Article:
Zika Virus: First Case Reported in Kerala, All you need to Know about the Virus

COVID-19 has spawned an infinite number of mutations and diseases. The latest one joining the league of the sufferings of the people is Zika Virus Infection, which is typically caused by mosquito bites.

The first Zika virus case of the year has been recorded in Kerala. So, here’s all you need to know about the virus:

The incubation period for Zika virus illness is believed to be 3–14 days from exposure to onset of symptoms.

  • Mild and include fever 
  • Rash 
  • Conjunctivitis 
  • Muscle and joint pain 
  • Malaise 
  • Headache. 

Symptoms typically last for 2–7 days. Most people with Zika virus infection do not develop symptoms.

Complications of Zika Virus Disease:

  • Pregnancy problems such as foetal loss, stillbirth, and premature birth can all arise from Zika infection during pregnancy.
  • Infection with the Zika virus can cause Guillain-Barré syndrome, neuropathy, and myelitis, especially in adults and older children.


In tropical and subtropical areas, the Zika virus is predominantly spread through the bite of an infected mosquito of the Aedes genus, especially Aedes aegypti. Dengue, chikungunya, and yellow fever are all spread by the same mosquito.

The Zika virus can also be transmitted from:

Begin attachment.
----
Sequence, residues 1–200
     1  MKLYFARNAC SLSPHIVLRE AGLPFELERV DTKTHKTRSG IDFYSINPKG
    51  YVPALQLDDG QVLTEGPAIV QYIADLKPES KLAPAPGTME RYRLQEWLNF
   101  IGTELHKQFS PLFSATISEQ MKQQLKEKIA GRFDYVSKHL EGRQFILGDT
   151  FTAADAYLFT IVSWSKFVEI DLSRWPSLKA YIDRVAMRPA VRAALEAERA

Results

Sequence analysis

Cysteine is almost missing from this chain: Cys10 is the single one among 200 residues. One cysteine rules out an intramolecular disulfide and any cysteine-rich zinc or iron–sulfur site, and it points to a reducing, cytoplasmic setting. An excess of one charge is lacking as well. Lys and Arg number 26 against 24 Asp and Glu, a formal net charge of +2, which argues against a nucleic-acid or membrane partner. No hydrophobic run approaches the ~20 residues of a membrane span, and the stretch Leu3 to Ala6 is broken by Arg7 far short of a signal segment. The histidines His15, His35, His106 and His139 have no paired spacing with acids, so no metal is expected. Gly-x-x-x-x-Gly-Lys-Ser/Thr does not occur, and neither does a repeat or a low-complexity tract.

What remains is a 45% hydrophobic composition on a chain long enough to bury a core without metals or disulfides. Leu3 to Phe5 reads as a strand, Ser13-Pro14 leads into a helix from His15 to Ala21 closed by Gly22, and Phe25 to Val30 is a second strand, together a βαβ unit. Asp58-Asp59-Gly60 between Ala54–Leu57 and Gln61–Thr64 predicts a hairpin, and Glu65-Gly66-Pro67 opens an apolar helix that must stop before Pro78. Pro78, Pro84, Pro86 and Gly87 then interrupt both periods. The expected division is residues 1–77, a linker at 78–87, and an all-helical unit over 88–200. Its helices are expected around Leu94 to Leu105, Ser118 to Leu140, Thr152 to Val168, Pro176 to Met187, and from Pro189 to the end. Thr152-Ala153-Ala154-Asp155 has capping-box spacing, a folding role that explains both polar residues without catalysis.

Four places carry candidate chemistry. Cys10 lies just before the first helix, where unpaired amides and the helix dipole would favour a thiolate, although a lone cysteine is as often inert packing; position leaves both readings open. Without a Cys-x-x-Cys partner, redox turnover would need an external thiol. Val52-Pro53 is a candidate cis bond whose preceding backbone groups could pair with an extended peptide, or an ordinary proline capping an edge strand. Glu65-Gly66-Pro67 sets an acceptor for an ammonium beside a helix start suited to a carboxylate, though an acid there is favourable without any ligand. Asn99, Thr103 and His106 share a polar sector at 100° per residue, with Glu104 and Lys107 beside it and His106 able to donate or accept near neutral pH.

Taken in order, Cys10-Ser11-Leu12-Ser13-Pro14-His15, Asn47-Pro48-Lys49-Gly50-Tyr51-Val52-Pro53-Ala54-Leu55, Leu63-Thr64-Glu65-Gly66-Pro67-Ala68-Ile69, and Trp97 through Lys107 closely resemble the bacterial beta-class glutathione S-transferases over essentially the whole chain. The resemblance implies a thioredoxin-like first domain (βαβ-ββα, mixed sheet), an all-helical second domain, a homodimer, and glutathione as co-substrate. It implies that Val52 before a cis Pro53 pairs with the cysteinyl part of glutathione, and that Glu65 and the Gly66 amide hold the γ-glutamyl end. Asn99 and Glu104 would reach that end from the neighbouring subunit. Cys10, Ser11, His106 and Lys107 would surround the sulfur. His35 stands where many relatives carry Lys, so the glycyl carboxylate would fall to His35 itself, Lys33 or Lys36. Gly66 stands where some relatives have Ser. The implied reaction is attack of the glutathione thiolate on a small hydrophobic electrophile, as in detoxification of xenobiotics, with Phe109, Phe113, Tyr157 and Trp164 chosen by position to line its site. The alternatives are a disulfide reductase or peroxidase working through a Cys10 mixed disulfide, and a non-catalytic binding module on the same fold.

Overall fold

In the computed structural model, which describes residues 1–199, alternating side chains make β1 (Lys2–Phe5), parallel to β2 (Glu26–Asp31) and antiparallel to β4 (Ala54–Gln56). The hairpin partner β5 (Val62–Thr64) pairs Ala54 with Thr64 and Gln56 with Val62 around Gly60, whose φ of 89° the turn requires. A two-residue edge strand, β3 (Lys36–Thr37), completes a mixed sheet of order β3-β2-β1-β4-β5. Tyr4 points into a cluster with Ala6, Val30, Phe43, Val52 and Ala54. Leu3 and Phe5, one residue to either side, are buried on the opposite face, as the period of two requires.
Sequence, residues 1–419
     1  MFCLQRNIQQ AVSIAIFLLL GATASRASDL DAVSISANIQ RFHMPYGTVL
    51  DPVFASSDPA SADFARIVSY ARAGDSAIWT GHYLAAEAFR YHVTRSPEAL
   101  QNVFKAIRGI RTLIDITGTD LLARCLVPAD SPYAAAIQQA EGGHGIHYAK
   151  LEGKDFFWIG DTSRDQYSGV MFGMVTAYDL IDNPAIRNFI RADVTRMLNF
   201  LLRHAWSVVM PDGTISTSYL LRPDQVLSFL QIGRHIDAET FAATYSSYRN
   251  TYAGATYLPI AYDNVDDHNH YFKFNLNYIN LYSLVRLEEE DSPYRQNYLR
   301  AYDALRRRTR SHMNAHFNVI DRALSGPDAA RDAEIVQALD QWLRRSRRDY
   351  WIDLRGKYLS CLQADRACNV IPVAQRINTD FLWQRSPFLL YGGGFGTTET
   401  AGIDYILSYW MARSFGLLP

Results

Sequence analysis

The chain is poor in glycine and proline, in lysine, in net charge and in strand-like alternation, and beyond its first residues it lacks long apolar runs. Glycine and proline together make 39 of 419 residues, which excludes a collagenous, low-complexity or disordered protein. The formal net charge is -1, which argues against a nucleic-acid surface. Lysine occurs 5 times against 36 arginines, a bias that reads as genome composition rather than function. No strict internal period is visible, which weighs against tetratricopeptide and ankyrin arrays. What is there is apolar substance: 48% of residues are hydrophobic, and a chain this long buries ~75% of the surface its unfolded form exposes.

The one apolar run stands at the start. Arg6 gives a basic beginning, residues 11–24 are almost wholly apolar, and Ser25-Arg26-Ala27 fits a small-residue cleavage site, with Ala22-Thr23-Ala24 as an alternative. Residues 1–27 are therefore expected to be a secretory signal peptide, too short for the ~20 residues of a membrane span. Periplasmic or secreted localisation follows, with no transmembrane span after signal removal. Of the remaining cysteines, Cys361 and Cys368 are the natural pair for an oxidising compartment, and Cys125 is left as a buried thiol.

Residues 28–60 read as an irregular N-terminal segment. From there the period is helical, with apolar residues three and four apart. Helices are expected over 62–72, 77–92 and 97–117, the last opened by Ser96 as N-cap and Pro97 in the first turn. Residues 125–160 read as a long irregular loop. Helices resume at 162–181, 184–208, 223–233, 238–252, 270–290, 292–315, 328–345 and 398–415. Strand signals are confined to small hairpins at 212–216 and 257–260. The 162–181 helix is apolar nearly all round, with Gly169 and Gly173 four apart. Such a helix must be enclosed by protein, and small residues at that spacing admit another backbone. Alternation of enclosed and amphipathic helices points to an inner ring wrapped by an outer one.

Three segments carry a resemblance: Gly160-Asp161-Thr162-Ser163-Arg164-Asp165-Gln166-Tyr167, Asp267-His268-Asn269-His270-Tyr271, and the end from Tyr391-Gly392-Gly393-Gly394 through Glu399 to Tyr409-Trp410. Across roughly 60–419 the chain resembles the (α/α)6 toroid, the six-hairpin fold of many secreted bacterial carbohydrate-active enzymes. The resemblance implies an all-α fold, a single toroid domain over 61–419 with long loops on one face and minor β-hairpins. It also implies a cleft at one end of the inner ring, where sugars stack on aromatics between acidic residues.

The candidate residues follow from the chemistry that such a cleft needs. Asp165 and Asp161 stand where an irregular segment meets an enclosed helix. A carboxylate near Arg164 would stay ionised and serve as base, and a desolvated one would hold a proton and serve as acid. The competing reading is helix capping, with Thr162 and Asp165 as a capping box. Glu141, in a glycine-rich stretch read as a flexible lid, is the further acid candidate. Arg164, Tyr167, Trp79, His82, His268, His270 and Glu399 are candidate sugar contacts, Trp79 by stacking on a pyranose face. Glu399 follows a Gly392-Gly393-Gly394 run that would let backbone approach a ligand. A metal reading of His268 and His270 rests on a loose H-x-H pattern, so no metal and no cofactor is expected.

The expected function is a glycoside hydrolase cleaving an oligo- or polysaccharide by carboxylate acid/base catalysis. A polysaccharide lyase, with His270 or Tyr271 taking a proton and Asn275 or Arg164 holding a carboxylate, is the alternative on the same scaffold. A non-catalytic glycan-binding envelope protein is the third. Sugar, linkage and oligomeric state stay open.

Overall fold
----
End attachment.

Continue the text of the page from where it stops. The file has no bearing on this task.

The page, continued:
• Mother to the foetus during pregnancy
  • Via sexual contact
  • Blood and blood products transfusions  
  • Organ donation.


  • Symptoms of Zika virus infection may be suspected in people who live in or visit locations where Zika virus transmission and/or Aedes mosquito vectors are present. 
  • Only laboratory testing of blood or other bodily fluids, such as urine or sperm, can establish a diagnosis of Zika virus infection.


Infection with the Zika virus or the illnesses it causes has no known therapy.

There is currently no vaccine available to prevent or treat Zika virus infection. The development of a Zika vaccine is still a work in progress.


  • During the day and early evening, protection from mosquito bites is recommended.
  • Mosquito bite prevention should be given special attention to pregnant women, women of reproductive age, and small children. They should sleep under mosquito nets.
  • Travellers and residents in the impacted areas should take the same measures.
  • Wearing light-coloured clothes that cover as much of the body as possible; utilising physical barriers such as window screens and locked doors and windows; applying insect repellent to skin or clothing are all examples of personal protection methods.
  • Mosquitoes of the Aedes genus breed in tiny pools of water near houses, schools, and workplaces. Covering water storage containers, eliminating standing water in flower pots, and clearing up garbage and old tyres are all key mosquito breeding places to eliminate.
  • To minimise mosquito breeding places, community actions are critical to assist local government and public health programmes. 
  • To minimise mosquito populations and illness spread, health officials may recommend the use of larvicides and pesticides.

Sometimes it feels like the obstacles are too great to overcome, but the only option is to keep going. Kindly take the prescribed measures and you are good to go!

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